A proposal by Mayor Tab Bowling would add a $110,000-per-year chief operating officer to the city's organizational structure, decrease the number of directors reporting to the mayor and leave the mayor's salary at its current level.
Bowling's proposal keeps the mayor's salary at $106,646 and cuts the number of directors who report to the mayor from 15 to seven.
“Our global team of directors helped with building this organizational chart,” Bowling said. “The revised chart is meant to create a more efficient organization. The COO would provide stability should there be a change in the office of the mayor.”
The chart is the mayor’s response to a 5-year-old lawsuit seeking to implement a referendum that would have dropped the mayor to part time, and to Council President Paige Bibbee’s proposal to bring back the city administrator position and reduce the mayor’s salary.
Bowling is running for reelection in 2020.
Asked if the mayor’s salary would increase so he or she remained the city's highest paid employee after the hiring of a COO, Bowling said, “I don’t see that happening.”
Councilman Billy Jackson said the mayor should be the highest paid official in the city because paying a subordinate more than a boss can create problems.
Under Bowling's proposal, the COO, director of development and seven departments would report directly to the mayor. Five departments — Street and Environmental Services, Morgan County Regional Landfill, Information Systems, Decatur Youth Services and Parks and Recreation — would report to the chief operating officer.
“Our city has grown in the number of directors, and it’s more than one person can really oversee,” Bowling said of the need to add a COO.
Kirby said the current organizational chart is “too top-heavy” with high-paid directors so he wouldn't support hiring a chief operating officer. He also wants to eliminate the director of development position when Wally Terry retires April 30. Jackson and Kirby are against hiring a public information officer, even though the position is funded in the new fiscal 2020 budget.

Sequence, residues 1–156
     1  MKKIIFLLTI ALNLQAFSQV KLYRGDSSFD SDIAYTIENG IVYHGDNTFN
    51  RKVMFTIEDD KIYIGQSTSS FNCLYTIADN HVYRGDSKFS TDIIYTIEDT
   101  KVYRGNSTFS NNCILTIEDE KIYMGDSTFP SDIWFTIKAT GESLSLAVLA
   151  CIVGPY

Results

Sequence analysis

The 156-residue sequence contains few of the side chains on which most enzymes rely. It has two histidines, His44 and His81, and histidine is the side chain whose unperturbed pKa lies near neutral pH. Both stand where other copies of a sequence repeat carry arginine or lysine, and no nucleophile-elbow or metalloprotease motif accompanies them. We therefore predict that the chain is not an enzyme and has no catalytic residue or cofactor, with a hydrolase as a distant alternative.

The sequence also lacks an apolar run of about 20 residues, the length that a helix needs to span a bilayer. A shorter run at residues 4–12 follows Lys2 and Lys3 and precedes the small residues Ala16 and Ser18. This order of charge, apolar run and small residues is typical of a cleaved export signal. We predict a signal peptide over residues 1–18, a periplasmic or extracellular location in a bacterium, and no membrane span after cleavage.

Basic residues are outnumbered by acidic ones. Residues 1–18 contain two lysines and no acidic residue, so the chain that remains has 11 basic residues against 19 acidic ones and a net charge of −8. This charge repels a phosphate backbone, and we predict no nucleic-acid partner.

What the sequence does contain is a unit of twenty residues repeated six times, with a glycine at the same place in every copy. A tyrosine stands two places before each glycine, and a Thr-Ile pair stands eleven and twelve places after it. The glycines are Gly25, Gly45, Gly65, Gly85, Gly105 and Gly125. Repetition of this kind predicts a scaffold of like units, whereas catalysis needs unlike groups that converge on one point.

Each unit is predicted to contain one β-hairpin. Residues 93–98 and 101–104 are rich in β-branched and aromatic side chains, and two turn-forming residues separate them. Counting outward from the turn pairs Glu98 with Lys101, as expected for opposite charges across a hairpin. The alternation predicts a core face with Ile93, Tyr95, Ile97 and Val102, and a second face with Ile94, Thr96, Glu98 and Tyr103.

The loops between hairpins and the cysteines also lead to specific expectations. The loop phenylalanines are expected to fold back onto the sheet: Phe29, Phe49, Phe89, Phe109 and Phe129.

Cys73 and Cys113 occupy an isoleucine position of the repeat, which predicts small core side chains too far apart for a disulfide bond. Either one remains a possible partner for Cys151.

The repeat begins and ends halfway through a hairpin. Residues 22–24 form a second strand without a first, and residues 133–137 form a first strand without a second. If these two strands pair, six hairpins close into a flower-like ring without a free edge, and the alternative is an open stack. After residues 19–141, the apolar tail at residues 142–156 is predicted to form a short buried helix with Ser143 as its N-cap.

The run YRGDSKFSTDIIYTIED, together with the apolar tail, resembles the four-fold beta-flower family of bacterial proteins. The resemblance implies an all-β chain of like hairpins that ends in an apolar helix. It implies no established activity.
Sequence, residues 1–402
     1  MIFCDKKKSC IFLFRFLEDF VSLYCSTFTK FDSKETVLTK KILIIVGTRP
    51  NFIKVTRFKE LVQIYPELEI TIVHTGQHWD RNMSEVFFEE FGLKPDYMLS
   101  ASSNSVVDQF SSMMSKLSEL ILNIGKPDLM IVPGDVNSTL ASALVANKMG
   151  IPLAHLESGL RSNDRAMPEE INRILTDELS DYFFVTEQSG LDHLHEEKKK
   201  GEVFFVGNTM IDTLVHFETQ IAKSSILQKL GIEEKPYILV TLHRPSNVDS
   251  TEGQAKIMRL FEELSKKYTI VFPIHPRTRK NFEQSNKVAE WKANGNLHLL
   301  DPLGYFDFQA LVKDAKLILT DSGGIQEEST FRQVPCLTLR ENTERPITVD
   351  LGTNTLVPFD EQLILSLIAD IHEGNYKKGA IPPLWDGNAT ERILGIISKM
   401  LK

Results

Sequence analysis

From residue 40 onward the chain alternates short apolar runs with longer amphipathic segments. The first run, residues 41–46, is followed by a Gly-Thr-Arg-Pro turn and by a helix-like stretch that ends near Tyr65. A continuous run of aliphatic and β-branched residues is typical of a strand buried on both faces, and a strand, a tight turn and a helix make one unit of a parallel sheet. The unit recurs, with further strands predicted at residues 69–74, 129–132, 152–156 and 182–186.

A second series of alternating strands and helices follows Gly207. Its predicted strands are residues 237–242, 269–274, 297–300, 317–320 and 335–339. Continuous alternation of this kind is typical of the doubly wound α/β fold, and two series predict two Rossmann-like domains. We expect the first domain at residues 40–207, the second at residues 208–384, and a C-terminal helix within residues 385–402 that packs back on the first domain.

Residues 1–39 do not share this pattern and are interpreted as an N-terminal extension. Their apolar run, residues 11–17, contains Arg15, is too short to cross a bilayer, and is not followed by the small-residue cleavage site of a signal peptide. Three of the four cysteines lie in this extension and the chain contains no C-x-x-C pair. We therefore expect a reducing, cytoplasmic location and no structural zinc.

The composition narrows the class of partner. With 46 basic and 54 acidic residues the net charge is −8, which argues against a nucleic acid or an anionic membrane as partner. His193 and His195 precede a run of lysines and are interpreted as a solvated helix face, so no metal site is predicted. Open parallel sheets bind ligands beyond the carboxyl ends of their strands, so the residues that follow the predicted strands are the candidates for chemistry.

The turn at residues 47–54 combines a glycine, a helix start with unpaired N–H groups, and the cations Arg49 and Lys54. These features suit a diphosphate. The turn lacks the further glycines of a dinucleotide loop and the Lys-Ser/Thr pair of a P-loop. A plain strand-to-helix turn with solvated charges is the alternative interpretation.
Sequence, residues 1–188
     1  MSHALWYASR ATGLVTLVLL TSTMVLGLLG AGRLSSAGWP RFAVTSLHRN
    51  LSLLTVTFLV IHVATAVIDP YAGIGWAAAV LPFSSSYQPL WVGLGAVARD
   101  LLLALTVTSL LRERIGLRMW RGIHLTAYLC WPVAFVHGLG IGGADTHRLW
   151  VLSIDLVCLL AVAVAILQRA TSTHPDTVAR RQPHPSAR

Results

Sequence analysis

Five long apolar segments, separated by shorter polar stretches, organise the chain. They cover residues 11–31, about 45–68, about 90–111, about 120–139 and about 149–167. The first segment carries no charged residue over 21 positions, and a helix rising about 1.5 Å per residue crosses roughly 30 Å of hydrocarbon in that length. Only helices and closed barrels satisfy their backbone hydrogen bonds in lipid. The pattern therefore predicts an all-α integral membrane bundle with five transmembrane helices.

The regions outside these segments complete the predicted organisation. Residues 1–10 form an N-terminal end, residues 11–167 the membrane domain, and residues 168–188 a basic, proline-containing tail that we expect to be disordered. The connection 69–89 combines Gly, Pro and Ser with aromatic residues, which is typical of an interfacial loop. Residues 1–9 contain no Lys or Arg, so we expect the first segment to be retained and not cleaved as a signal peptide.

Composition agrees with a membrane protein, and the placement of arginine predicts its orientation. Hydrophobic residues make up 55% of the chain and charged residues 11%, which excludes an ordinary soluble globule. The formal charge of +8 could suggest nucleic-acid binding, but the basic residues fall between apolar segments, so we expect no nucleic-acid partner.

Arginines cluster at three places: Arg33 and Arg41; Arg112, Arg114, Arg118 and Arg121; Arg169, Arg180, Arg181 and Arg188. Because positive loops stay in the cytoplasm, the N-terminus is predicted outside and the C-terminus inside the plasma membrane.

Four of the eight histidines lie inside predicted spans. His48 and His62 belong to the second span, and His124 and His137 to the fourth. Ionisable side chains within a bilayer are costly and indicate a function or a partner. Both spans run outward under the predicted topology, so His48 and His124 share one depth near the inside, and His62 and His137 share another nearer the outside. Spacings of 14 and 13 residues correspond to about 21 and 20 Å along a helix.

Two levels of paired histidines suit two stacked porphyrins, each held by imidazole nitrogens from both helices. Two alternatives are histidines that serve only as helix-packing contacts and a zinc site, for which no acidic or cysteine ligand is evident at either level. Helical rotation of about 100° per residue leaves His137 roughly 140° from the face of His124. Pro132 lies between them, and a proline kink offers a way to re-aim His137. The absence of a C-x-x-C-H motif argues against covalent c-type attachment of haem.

“We need to concentrate on hiring (hourly) workers like backhoe operators,” Kirby said.
Jackson said he doesn’t agree with adding another director and reducing the number of departments answering to the mayor. He said previous mayors oversaw as many as 16 departments. He said the Police Department's public information officer should cover the entire city government.
“The people elected the person to mayor who they thought could handle the supervision of as many as 18 department heads,” Jackson said. “Decatur isn’t so large that a mayor can’t handle overseeing so many departments.”
Jackson said the city has struggled in recent years because of mismanagement. He said he believes the city works well when the council hires directors who are experts in their fields and lets them do their jobs.
“We need to get away from the micromanagement by our City Council president,” Jackson said. “The solution to improving our city is doing a better job of vetting City Council candidates. This is not a popularity contest.”
After each council member received a copy of Bowling’s proposal, Bibbee responded Thursday with a statement that council members wouldn’t comment on it individually.
“I’ve had several council members call me, and this is going to be the council’s official response,” Bibbee said in a voicemail. “The council will not comment on something that has not been officially presented from the mayor’s office to the council at a (council) work session.”